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The Benefits Of Mentoring

Mentees may benefit most obviously from mentorship, but the relationship can also bring personal and professional value to mentors. Serving as a mentor can improve someone's professional networks and reinforce their skills and knowledge. If they are in a senior position, acting as a mentor can connect them with information and trends they may be unaware of in regards to their employees and younger colleagues. Serving in a mentorship role can also offer fulfilment as they help others in the same way they may have received support early in their own career.

What Is An Example Of A Mentor?

The type of mentor you have can affect what type of mentor relationship you have. Here are examples of the three types of mentors:

Peer mentor

A peer mentor is a professional colleague who advises you. They can work at the same company as you and check-in frequently during your time at that company. A peer mentor can inform you about best practices at the company and bring promotional opportunities to your attention. They can set up formal reviews or informal meetings in social settings.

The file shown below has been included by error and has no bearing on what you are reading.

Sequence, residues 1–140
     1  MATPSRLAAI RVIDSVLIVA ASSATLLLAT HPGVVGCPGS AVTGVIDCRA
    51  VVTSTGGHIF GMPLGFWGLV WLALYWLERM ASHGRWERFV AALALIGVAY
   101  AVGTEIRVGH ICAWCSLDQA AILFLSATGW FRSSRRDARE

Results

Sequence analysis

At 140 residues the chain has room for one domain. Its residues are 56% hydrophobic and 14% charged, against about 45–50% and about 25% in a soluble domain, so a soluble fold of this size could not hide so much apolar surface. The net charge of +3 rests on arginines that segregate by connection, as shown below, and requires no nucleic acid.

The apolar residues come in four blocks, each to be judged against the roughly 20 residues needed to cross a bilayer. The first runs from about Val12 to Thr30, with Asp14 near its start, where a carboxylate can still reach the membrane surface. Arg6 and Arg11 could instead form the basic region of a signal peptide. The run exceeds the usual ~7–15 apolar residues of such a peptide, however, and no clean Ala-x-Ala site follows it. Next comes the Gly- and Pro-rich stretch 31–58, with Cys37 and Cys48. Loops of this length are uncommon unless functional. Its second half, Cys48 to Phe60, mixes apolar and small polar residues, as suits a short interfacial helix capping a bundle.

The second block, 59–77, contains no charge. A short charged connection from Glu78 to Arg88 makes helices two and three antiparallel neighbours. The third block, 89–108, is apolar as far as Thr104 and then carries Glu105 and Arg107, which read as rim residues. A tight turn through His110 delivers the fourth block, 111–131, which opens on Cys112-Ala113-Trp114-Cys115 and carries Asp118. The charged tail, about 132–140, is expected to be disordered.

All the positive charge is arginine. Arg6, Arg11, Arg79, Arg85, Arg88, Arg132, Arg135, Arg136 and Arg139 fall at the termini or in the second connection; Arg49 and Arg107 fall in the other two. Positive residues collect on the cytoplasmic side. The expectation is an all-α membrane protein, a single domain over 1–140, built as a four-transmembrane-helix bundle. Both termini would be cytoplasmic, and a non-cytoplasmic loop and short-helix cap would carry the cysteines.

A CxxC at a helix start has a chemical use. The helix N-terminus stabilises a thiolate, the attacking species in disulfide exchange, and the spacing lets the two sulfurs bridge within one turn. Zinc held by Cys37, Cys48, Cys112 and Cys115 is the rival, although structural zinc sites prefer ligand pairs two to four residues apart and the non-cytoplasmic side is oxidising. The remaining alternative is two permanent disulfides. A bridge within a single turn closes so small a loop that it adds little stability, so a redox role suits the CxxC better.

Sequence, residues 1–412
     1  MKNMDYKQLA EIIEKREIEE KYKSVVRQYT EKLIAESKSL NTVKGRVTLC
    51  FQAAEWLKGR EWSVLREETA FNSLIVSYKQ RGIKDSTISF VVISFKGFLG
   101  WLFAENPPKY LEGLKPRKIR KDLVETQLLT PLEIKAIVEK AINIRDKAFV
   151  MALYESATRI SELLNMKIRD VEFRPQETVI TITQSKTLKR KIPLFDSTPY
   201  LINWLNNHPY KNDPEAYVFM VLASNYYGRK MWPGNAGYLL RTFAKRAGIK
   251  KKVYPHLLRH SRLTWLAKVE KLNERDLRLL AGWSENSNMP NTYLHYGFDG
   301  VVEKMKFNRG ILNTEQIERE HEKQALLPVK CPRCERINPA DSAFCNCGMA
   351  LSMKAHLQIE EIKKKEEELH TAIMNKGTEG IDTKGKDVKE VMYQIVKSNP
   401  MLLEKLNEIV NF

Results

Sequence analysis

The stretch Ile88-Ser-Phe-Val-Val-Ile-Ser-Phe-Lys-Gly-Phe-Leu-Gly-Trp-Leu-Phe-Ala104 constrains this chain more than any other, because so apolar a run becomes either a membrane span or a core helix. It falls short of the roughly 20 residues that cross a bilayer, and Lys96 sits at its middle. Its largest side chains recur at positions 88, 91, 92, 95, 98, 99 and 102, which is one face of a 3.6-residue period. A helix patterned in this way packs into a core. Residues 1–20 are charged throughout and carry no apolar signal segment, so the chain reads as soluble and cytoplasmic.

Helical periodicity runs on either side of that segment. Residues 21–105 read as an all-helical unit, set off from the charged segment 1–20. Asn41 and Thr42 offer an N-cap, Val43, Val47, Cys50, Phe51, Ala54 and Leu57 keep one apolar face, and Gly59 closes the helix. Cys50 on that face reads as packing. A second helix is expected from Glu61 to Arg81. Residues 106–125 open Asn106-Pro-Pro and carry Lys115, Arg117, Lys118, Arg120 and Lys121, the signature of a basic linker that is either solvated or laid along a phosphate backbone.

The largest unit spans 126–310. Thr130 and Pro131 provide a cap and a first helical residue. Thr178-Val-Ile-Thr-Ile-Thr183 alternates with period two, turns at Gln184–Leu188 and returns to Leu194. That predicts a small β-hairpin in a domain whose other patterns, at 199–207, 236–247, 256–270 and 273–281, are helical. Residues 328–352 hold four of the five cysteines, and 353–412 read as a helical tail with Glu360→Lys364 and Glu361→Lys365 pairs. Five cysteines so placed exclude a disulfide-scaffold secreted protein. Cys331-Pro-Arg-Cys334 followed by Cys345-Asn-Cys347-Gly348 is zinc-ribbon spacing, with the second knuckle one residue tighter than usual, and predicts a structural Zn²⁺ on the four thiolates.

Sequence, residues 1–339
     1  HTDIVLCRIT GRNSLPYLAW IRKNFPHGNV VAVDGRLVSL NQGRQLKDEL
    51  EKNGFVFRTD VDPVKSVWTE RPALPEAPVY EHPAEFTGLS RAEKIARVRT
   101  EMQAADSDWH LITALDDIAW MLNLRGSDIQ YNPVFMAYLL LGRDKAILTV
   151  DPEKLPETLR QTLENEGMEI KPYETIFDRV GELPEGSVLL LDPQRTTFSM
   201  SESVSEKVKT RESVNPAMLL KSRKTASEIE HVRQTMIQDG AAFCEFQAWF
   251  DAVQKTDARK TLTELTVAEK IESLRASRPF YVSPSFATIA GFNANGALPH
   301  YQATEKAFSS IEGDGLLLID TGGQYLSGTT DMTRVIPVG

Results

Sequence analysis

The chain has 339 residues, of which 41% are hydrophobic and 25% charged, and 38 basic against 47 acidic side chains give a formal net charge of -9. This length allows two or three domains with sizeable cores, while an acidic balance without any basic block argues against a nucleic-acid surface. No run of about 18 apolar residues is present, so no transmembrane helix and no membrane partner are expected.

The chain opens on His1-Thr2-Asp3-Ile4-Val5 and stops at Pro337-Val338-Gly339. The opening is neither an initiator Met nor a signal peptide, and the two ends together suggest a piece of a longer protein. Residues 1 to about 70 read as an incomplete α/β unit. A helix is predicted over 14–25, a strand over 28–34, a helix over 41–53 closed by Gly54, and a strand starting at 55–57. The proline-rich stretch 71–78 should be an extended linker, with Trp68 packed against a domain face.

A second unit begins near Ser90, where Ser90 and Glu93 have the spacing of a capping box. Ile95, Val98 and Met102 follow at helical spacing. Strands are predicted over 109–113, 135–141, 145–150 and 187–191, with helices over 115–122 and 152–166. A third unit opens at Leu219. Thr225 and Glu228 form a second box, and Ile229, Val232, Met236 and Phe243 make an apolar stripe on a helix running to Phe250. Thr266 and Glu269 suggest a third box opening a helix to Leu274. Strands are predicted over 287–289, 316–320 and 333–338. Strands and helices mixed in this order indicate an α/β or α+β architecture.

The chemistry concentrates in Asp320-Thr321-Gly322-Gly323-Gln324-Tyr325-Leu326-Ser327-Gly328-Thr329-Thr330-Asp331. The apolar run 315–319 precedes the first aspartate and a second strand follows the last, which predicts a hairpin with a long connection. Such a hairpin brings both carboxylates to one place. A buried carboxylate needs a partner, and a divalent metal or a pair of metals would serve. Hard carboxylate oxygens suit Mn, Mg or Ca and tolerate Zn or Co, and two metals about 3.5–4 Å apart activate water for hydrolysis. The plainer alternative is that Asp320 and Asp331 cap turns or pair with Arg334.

An example of a peer mentor is someone in your department who the company assigns to mentor you when you start a new job. This person has been working there for longer than you have and can help you understand the company culture. They can also help you get settled while you are adjusting to the new company.

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Career mentor

A career mentor is someone who is in the same field as the mentee, though not necessarily in the same company. They are usually someone who is in a higher position than the mentee and has a better understanding of how someone can progress in the field because they have worked with more people and are familiar with the work landscape. They may check in on their mentees infrequently but can give advice about the long-term effects of decisions their mentee makes.

An example of a career mentor is an old professor you are in contact with who has worked in the private sector in your field. They have connections in the industry and can help you prepare for opportunities or advise you about the reputation of different companies or roles.

Life mentor

A life mentor is someone who may not be within your current company or field but has achieved some of your goals and can advise you about difficult career decisions, like leaving a job or changing careers. They can also be a source of unbiased information, as they may not work directly with your industry or position.

An example of a life mentor can be someone you have connected with at a networking event or established a relationship with outside of work. They are successful in their given position and knowledgeable about best business practices.